How Did Pope Gregory Revolutionize The Roman Papacy?

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During the eleventh and twelfth centuries, the economy and average quality of life were not the only things that were experiencing a mini renaissance; the roman papacy began to expand its realm of control while infringing on imperial powers in the name of God. Prior to this religious upheaval was a period of time in which Christianity was marred by the stains of corruption in the form of simony and church marriage. A catalyst for reformation of the church was the founding of the Cluny Monastery in Aquitaine, which gained fame for its revolutionized allegiance to Saint Paul and Saint Peter as well as its support of more pragmatic monks (short history 165). The new wave of Cluniac order monasteries inspired the papacy to begin reforming the…show more content…
Pope Leo was not the only revolutionizing Pope during this time; Pope Gregory VII was also an integral part, hence the common term “Gregorian Reform.” In his time, Gregory wrote Dictatus Papae, which made 27 decrees outlining the powers of the pope. One such power was that the “pontiff alone can with right be called universal.” In Gregory’s mind, the pope has all power as he is the lone descendant of Saint Peter, thus he should be granted supreme command. These edicts set a standard for further reformers about how the pope should be respected since his authority should remain fulfilled. Essentially, the pope should not kowtow to anyone as he has the closest relationship with god and therefore he is the closest gateway to heaven. In a sense, Gregory believed that an imperial ruler should have no religious power over the pope because the pope is virtually the earthly arbiter of the king’s access to heaven. Gregory tactically used his connections to god to legitimize his assertion of papal…show more content…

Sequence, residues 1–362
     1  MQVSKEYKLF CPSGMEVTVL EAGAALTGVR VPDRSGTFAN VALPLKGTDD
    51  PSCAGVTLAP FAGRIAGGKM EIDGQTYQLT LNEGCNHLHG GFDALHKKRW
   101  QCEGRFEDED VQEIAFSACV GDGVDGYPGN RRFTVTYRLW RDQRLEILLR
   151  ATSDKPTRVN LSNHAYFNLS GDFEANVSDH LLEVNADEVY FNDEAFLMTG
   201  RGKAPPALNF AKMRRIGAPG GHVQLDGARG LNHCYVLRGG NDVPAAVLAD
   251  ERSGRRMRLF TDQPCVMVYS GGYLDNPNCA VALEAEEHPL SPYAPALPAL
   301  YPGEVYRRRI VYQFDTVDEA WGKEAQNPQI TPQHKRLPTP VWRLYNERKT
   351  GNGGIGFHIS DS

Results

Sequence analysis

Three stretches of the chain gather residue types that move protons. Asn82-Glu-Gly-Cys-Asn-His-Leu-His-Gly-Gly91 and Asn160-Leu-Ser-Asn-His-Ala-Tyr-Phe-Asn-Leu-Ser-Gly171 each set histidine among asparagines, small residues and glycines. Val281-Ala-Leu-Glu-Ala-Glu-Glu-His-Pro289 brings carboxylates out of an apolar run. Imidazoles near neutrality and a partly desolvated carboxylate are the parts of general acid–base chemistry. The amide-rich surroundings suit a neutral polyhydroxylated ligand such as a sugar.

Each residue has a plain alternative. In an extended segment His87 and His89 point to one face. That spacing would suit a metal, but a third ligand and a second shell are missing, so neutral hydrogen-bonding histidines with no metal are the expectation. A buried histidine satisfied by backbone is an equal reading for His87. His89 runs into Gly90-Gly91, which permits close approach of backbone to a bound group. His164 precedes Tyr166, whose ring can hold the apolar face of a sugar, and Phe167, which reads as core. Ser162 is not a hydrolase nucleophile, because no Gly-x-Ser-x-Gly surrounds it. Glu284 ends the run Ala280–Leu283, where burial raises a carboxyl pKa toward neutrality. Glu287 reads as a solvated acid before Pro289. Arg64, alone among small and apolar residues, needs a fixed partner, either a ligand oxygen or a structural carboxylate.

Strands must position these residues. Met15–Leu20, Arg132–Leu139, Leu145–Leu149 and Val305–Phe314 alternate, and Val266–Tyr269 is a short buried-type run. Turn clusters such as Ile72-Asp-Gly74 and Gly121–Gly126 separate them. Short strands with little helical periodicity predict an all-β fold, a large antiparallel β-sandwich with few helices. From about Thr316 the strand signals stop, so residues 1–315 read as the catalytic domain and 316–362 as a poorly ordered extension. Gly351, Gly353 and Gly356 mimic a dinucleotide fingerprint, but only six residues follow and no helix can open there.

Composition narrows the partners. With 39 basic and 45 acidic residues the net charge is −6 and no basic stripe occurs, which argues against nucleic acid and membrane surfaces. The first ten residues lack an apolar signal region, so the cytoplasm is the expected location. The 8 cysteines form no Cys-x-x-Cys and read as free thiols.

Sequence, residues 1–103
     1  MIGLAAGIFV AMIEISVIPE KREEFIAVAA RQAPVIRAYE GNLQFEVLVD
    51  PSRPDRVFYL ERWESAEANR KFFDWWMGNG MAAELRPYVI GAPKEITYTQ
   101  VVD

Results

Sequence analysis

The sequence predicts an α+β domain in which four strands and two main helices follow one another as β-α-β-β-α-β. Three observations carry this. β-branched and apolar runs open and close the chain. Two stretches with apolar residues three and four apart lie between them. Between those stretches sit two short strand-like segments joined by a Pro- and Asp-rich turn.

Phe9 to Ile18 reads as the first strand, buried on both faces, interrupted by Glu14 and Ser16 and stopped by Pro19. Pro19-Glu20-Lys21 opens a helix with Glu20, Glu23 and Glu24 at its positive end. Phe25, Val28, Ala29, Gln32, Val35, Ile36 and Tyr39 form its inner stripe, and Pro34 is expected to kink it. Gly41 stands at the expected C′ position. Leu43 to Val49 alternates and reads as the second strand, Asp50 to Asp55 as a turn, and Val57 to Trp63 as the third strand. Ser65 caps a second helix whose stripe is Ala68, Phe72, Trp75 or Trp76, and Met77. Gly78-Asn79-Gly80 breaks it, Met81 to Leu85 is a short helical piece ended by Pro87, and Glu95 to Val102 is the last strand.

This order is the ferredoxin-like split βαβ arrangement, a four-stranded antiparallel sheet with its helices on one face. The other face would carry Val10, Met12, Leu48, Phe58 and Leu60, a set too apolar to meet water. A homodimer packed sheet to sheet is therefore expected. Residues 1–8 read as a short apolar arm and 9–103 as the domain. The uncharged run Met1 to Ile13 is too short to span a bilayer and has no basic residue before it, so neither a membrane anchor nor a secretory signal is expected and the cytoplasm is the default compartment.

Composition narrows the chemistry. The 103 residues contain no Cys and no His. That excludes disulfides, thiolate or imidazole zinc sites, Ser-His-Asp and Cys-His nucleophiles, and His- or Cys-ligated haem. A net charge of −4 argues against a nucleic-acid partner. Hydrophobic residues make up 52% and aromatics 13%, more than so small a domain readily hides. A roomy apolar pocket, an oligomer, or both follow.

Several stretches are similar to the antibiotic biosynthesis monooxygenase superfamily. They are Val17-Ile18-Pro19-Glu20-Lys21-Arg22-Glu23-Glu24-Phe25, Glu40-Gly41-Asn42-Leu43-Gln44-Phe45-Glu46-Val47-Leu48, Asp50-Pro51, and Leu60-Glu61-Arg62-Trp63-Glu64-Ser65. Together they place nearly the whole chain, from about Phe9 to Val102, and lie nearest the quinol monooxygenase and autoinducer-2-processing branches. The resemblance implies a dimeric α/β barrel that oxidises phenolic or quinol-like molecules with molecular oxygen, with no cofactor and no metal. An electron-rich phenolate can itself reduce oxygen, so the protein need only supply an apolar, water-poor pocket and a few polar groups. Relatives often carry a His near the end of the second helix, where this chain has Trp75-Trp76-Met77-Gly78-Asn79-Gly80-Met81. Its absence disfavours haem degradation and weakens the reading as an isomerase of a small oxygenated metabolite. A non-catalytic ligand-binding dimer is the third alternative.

The dominating conflict erupted when a new archbishop of Milan was supposed to be named resulting in the Investiture Conflict. While Henry IV, the king of Germany, thought it was his right to hand over church power and property to the next pope, Pope Gregory VII thought it was only the pope’s right to invest in new church leaders. This hostility can be seen in the letters exchanged between the pope and king in which Henry declares that Gregory has “destroyed the peace” while Gregory provides a counterattack of excommunication (Reading 259). As a result of excommunication, Henry was forced to grovel to the pope for a place back in the church or risk the upheaval of his kingdom. This begging reveals just how critical the pope was in maintaining a stable empire. Essentially, if a king does not have the backing of the pope, then they could potentially lose their empire. The earlier church reform provided a platform for the pope’s power in excommunication as both clergy and lay people alike respected him as the leader of Christendom on earth. Therefore, the reformation period marked the beginning of papal authority and the subservience of imperial kings. Although Henry eventually got excommunicated again for faulting on his promises, the idea behind the first excommunication still stood: papal

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